These conditions are sufficient, but demonstrably not necessary, so that a first-stage theory does not receive a substitutional interpretation that makes all theorems true.
2. What about the common problem? (Referential interpretation excluded but substitutional interpretation allowed):
The autonymous interpretation (see section 3 above, where each term denotes itself) could suggest a negative answer. And this will be one reason why many mathematical logicians did not want to treat substitutional quantification as an independent model-theoretical topic.
KripkeVs: however, there may be cases where substitutional quantification is more appropriate than referential quantification.
For example, if the substitution class insists on sentences of L0, a referential interpretation with sentences as substitutes leads to philosophical dispute: do the variables go over propositions, over sentences or over truth values? Are the entities in the area denoted by the sentences?
Links/Kripke: do not play a threefold role now: as
a) sentence links, b) function symbols, c) predicates: in Frege's system they play such a triple role!

Kripke I
S.A. Kripke
Naming and Necessity, Dordrecht/Boston 1972
German Edition:
Name und Notwendigkeit Frankfurt 1981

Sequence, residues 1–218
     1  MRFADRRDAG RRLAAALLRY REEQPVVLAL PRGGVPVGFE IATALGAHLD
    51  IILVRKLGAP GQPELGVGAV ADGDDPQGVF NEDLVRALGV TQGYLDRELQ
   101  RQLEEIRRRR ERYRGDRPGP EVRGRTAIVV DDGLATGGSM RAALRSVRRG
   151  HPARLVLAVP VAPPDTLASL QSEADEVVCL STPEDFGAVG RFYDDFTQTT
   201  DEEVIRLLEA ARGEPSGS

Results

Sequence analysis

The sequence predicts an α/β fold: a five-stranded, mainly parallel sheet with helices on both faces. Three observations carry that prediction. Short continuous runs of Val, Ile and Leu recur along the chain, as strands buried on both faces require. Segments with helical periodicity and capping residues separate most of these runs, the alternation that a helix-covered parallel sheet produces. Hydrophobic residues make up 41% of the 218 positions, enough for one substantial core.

Kripke II
Saul A. Kripke
"Speaker’s Reference and Semantic Reference", in: Midwest Studies in Philosophy 2 (1977) 255-276
In
Eigennamen, Ursula Wolf Frankfurt/M. 1993

Kripke III
Saul A. Kripke
Is there a problem with substitutional quantification?
In
Truth and Meaning, G. Evans/J McDowell Oxford 1976

Kripke IV
S. A. Kripke
Outline of a Theory of Truth (1975)
In
Recent Essays on Truth and the Liar Paradox, R. L. Martin (Hg) Oxford/NY 1984

Substitutional Quantification Kripke III 325ff
Substitutional Quantification/SQ/Kripke: ontologically neutral, perhaps purely linguistic - truth and satisfaction are defined here - contrast: referential quantification/RQ - refers to objects (world) - referential quantification: no satisfaction, only truth - Wallace/Tharp: thesis no difference between substitution quantification and referential quantification - KripkeVsWallace/VsTharp.
III 330
Substitutional quantification: formulas: that are no sentences do not receive any semantic interpretation here, they have only an auxiliary function - referential quantification: here such formulas define relations and are "satisfied" by sequences.